Wall Street Journal rolls out video network powered by smartphone-toting journalists

WSJ.com | WSJ news release
Since news organizations are paying all that money for journalists to carry around iPhones, why not put them to better use?

The WorldStream page updates live as new clips come in every few minutes.

The Wall Street Journal is launching a new streaming-video product that does just that. The Journal today announced WorldStream, which will “consist solely of footage captured on smartphones by Dow Jones and Journal reporters and editors … Each video is under a minute, and all footage is reviewed by an editor before being posted to the stream.”

The Journal’s online video effort until now focused on WSJ Live’s TV-news-style video segments with anchors and on-screen graphics. WorldStream complements that with simple, short video reports. Early examples include serious content like Charles Levinson’s first-hand footage from Syria, but also simple clips like unnarrated footage of the empty media room before the Republican National Convention in Tampa.

Much of the content is more like a video “status update” than a “news report” — it’s just a reporter expressing, “Here’s where I am, here’s what I’m seeing.”

WorldStream is also optimized for the social media era, Director of Social Media and Engagement Liz Heron told me. After uploading a video, Journal reporters tweet it using the #WorldStream hashtag. These short, real-time reports are perfect for consuming through a short, real-time medium (Twitter), Heron said.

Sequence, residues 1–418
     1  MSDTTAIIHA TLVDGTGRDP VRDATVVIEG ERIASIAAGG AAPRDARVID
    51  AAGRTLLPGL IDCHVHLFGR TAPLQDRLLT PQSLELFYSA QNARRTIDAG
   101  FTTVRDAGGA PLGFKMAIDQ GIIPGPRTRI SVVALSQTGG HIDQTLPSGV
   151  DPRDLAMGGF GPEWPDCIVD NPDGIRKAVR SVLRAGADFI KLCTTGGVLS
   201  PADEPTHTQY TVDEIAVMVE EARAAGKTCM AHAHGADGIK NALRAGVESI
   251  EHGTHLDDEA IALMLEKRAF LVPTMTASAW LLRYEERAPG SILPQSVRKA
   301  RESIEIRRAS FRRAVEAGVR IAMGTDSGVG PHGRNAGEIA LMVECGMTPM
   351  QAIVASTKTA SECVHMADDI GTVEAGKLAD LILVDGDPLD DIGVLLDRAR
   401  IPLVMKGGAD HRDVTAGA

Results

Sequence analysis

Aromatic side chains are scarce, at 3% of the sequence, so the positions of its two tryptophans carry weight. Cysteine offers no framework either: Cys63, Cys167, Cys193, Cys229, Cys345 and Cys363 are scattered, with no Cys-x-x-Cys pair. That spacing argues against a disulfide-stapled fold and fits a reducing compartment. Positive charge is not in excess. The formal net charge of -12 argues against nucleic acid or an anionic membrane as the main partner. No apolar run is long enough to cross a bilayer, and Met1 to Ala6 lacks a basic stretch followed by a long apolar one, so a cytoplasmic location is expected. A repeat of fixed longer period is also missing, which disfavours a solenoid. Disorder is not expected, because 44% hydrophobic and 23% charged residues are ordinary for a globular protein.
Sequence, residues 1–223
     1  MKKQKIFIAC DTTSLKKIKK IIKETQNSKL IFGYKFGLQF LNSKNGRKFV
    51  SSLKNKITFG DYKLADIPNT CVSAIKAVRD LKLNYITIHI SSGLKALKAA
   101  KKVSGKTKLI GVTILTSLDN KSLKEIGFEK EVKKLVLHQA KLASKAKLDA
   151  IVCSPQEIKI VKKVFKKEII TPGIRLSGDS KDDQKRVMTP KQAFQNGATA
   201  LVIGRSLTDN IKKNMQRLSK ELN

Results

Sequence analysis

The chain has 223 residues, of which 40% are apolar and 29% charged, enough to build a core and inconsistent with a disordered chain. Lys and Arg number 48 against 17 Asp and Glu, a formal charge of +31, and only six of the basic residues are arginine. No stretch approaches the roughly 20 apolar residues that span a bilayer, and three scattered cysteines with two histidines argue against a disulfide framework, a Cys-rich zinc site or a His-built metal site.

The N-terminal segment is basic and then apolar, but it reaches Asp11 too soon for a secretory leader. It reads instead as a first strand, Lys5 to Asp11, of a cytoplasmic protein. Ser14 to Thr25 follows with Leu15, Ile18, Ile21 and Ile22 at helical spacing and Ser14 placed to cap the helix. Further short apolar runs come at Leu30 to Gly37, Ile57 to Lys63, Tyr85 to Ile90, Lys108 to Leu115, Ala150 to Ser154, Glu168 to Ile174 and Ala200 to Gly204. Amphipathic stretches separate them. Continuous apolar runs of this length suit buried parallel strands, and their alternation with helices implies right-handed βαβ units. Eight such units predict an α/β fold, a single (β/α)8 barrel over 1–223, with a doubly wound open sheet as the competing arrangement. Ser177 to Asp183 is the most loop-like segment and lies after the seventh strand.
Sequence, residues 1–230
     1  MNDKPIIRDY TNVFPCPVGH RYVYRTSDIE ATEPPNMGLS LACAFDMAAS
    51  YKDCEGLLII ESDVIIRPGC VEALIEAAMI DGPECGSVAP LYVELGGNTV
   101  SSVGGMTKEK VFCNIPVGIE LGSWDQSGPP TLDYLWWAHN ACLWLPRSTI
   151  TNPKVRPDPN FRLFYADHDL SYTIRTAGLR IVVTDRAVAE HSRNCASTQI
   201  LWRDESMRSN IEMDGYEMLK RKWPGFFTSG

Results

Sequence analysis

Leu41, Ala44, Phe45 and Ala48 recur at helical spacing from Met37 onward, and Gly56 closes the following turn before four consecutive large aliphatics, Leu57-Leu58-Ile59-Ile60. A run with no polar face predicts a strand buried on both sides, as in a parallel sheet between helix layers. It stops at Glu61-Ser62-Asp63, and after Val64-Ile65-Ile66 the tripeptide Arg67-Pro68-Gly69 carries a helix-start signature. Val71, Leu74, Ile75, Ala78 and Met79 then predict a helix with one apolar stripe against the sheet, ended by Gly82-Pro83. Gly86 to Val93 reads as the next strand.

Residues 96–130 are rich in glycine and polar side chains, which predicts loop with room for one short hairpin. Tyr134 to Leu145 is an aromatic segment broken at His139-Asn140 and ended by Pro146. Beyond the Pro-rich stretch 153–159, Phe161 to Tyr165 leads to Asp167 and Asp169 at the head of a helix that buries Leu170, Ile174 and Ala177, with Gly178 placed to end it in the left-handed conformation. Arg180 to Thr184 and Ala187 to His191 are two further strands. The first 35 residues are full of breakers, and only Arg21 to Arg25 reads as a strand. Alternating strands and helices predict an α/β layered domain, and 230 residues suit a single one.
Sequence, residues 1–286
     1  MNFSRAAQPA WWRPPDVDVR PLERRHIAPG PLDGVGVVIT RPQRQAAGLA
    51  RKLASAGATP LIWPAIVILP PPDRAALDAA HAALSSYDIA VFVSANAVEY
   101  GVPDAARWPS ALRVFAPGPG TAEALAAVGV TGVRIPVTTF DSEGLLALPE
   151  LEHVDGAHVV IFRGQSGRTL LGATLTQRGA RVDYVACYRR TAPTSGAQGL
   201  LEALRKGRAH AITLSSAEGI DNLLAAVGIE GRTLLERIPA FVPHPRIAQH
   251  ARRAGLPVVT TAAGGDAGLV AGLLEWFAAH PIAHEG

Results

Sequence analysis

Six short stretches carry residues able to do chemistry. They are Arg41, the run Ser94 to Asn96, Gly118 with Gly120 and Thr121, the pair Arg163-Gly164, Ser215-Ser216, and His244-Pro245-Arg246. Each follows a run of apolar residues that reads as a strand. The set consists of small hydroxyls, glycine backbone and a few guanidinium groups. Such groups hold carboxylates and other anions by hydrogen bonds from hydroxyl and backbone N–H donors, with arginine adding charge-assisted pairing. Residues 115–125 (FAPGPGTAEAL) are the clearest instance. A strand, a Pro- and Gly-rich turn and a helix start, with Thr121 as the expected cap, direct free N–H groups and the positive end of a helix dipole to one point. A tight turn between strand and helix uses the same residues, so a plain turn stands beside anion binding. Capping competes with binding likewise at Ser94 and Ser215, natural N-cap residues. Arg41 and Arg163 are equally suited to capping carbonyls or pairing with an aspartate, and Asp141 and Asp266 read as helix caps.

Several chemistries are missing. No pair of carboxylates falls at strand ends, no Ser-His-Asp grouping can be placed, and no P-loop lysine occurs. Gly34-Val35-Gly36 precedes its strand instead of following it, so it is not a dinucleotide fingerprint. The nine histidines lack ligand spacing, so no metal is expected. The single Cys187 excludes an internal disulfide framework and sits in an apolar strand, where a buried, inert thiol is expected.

That has the beneficial side effect of getting all the Journal reporters with iPhones to join and learn Twitter, she said, making WorldStream “an extension of that more personal connection readers now have to our reporters.

In some ways, WorldStream is the WSJ’s answer to CNN’s iReport network of citizen journalists. Both are about delivering quick, raw reports from news events around the world. But, WSJ Digital Network Managing Editor Raju Narisetti tells me, don’t expect to see the Journal letting just anyone post videos on WorldStream. “We believe there is a delicate balance between quality, speed, breadth and most importantly, vetted content from trained journalists.” (Emphasis mine.)

Narisetti said the thinking behind WorldStream is that audiences want multimedia and have an appetite for instantaneous “raw” video, not just highly produced TV-like formats. And advertisers “are willing to pay premiums” to reach that audience via video ads.

The Journal isn’t the only one aiming for that audience. The New York Times also launched a rebuilt Web video player today, with a larger video display area and compatibility across all types of devices. And The Huffington Post recently launched HuffPost Live, a new streaming video channel.

Earlier: WSJ expands video production for iPad audience (Poynter).

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